Three CIA Agents Blow Their Cover (BBC)
US trio 'on Iran spying charge'
Shane Bauer, Sarah Shourd, Joshua Fattal
Shane Bauer(c) Sarah Shourd (r) and Joshua Fattal dancing in an unfinished cinder block building in the Kurdish city of Irbil, Iraq.
Three young Americans detained in Iran over alleged illegal entry are to be charged with espionage, Iranian state news agency Irna says.
Shane Bauer, Sarah Shourd and Joshua Fattal have been held by Iranian authorities since the end of July.
The trio are thought to have crossed a poorly marked border by mistake while hiking in Iraq's Kurdish region.
The US urged Iran to free the group, while their relatives called the allegations against them "untrue".
Speaking in Berlin, US Secretary of State Hillary Clinton said that there was "no evidence to support any charge whatsoever".
A White House spokesman later called the group "innocent young people who should be released".
'Charges of spying'
The three Americans were seized by Iranian border guards on 31 July near the town of Marivan. Their relatives say they accidentally strayed into Iran while hiking.
According to the state news agency, the move to charge them was announced by general prosecutor Abbas Jafari Dolatabadi.
"The three Americans arrested near the border of Iran and Iraq are facing charges of spying and the inquiry is continuing," Irna quoted him as saying.
The prosecutor said that an opinion on the case would be given "in the not too distant future".
In a statement, the Americans' families described the spying allegations as "entirely at odds with the people Shane, Sarah and Josh are and with anything that Iran can have learned about them since they were detained".
Swiss diplomats were allowed to meet the trio, who are in their 20s and 30s, in late September for the first time since their arrest.
The Swiss government represents US interests in Iran, with whom the US has no formal diplomatic relations.
In other comments, the general prosecutor said that the case of a Danish man arrested earlier this month was being investigated.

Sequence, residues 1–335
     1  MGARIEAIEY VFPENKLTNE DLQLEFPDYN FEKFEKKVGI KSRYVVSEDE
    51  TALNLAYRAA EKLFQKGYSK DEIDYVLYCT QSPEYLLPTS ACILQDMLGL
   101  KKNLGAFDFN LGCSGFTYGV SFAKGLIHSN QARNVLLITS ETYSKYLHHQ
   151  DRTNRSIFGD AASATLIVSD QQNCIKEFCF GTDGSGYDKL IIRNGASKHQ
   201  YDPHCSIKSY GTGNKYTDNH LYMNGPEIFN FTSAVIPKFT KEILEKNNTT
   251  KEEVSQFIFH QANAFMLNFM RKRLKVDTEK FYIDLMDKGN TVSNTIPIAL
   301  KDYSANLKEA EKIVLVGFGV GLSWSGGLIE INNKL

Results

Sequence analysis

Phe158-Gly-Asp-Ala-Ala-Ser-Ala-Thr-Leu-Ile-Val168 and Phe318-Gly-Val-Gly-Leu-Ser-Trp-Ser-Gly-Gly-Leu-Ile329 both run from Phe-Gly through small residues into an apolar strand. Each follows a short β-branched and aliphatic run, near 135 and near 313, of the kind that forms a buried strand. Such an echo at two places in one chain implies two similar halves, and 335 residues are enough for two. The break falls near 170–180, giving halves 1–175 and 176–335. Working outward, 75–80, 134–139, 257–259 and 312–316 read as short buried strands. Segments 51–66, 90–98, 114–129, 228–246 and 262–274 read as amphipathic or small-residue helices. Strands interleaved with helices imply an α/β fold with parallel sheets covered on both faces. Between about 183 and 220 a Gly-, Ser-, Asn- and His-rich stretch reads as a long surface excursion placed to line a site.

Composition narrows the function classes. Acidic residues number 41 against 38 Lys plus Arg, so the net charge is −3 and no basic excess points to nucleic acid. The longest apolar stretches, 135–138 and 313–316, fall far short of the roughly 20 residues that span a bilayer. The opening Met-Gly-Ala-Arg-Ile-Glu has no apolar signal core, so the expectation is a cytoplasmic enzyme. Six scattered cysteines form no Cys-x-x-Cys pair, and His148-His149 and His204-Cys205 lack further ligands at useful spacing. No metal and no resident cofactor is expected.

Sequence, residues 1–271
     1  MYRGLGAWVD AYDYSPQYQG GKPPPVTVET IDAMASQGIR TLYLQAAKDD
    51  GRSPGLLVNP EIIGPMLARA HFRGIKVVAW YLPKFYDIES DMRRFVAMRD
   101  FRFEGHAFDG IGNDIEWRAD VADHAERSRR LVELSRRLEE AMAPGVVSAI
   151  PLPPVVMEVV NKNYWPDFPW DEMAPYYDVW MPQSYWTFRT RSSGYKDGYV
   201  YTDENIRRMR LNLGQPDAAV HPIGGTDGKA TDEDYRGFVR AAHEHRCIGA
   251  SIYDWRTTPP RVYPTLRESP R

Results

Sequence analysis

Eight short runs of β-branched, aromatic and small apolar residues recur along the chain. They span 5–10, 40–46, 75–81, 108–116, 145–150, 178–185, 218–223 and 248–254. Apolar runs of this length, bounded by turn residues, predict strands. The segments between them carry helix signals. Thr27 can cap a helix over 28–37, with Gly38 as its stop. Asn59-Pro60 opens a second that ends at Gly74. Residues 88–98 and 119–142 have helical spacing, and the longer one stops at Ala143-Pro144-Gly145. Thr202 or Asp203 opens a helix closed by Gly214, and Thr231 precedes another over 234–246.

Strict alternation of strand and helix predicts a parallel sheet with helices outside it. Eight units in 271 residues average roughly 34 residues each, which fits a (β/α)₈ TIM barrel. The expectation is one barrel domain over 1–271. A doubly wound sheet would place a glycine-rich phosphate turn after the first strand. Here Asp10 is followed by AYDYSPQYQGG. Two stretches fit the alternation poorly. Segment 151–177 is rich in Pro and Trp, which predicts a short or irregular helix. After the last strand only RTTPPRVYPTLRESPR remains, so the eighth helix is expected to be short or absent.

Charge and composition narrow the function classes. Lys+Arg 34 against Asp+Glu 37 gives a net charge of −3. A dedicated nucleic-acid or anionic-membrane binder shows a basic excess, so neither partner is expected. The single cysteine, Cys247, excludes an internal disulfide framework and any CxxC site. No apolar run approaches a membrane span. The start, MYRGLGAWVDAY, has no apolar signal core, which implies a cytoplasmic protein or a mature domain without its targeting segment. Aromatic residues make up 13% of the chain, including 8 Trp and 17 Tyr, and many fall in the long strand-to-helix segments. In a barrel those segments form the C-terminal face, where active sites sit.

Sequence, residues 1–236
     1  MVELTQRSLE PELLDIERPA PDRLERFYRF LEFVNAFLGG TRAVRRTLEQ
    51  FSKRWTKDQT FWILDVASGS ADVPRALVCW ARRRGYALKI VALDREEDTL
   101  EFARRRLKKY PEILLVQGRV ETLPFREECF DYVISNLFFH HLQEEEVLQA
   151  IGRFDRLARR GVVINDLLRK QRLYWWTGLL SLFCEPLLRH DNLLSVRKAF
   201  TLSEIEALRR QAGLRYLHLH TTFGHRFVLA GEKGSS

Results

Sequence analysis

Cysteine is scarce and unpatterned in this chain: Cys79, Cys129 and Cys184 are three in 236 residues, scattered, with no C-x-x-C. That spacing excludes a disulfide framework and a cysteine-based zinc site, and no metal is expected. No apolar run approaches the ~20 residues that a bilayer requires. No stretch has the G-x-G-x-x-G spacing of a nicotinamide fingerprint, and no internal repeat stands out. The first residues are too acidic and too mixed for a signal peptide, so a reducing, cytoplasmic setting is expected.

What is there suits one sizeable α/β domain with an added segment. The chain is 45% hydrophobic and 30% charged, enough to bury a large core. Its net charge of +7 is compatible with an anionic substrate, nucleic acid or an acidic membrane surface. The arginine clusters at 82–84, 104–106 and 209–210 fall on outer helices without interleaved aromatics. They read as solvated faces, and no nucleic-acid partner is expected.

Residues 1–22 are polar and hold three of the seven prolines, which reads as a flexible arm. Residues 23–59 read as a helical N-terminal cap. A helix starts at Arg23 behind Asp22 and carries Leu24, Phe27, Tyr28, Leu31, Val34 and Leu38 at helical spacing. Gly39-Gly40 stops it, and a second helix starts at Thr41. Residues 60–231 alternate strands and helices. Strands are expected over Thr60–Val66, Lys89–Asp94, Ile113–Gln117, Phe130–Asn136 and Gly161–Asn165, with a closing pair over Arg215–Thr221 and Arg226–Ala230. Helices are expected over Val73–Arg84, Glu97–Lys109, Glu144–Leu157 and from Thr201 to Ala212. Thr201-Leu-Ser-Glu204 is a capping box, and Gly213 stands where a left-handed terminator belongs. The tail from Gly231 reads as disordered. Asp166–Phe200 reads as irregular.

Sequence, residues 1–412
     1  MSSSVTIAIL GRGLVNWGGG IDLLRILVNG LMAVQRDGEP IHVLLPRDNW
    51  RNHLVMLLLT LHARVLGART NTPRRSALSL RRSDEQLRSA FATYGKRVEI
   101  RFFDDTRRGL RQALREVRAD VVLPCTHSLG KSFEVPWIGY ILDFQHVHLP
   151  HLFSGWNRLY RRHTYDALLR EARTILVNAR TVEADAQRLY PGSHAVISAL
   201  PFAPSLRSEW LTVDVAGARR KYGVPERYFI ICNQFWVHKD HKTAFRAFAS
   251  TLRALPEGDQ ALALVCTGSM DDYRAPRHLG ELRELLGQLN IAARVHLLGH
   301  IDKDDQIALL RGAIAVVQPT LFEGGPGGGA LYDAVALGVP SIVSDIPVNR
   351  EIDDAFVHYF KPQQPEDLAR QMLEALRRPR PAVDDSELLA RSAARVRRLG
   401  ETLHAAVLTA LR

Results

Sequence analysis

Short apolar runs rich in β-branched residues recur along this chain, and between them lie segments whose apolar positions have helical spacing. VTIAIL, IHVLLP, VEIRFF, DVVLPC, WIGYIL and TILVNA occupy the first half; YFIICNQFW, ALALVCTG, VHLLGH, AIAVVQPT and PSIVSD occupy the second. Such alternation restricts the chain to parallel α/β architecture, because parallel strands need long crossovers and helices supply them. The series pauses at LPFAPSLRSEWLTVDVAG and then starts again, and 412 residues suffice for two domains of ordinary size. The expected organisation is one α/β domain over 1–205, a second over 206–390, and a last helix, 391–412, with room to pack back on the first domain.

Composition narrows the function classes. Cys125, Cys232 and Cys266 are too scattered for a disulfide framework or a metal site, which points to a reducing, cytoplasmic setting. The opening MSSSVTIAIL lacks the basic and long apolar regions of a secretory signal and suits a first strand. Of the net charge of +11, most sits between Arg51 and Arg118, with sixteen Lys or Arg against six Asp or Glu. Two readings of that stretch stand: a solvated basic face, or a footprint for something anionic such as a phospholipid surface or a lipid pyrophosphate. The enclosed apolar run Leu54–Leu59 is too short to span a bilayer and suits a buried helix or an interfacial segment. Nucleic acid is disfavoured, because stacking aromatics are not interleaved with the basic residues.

Niels Krogsgaard, 31, was detained on 4 November after anti-government protests that coincided with an official rally to mark 30 years since the storming of the US embassy.
"This person said he was a journalist though there were factors in his case which did not support it," Irna quoted the prosecutor as saying. "A journalist should have a permit. Inquiries are continuing."
Iran has tightened reporting rules since protests flared in the days following a disputed presidential election in June.
Opposition supporters say the elections were rigged to ensure the re-election of President Mahmoud Ahmadinejad.
At least 30 protesters have been killed in clashes since the elections. Thousands have been arrested, and some 200 opposition activists remain behind bars. Three have been sentenced to death.
Jon Leyne, BBC Tehran correspondent
The delay in charging the Americans suggests a prolonged debate behind the scenes in Iran over how to deal with them.
President Ahmadinejad hinted in September that their fate was linked with that of Iranians held by the US. No formal request for a prisoner exchange has ever been publicised.
There may also be some hardliners in Tehran who want to use the case to prevent any warming of relations.
Hillary Clinton has insisted that the trio are not guilty of anything. But her tone was relatively conciliatory. She requested their release, not demanded it, and called on the Iranian government to exercise "compassion".
Her moderate language suggests that, once again, Washington does not want the issue of Americans held in Iranian prisons to dominate relations between the two countries.
Who are the US hikers?
The three Americans who have been detained in Iran since the end of July are friends who all attended the prestigious University of California, Berkeley. Iran says Shane Bauer, Sarah Shourd and Joshua Fattal had "suspicious aims" when they crossed the border into Iran while hiking in Iraq's Kurdish region and intend to put them on trial.
Their family and friends say the three are completely innocent and crossed a poorly-marked border by mistake. They have launched a campaign - 'Free the Hikers' - to seek their release. Below are short profiles of the trio.
The 27-year-old was born and grew up in Minnesota, the eldest of three children. A freelance journalist and photographer, he specialised in reporting on the Middle East and the Darfur region of Sudan.
The fluent Arabic speaker was based in Damascus, where he lived with Sarah Shourd.
The 31-year-old, the youngest of three children, was born in Oak Park, Illinois but grew up in Los Angeles, California.
Shane Bauer (l) and Sarah Shourd (undated file image)
Shane and Sarah lived together in Damascus
A teacher and writer, she lived in the San Francisco Bay Area after graduating from university until she moved to Damascus to live with Shane Bauer.
In a recent article she recounted a meal as a guest of Iraqi refugees in Yemen, writing: "Everyday I feel ashamed at what my country has done to their country".
The 27-year-old, the youngest of two children, grew up in Elkins Park, Pennsylvania but lived in Eugene, Oregon.
An environmentalist and teacher, he was employed by a non-profit organisation that researches sustainable lifestyles.
He travelled to Damascus in the summer to meet Shane Bauer and Sarah Shourd for a hiking holiday. He reportedly posted an entry on his Facebook page on 17 July, saying that he was in the Middle East and planning a trip to Kurdistan.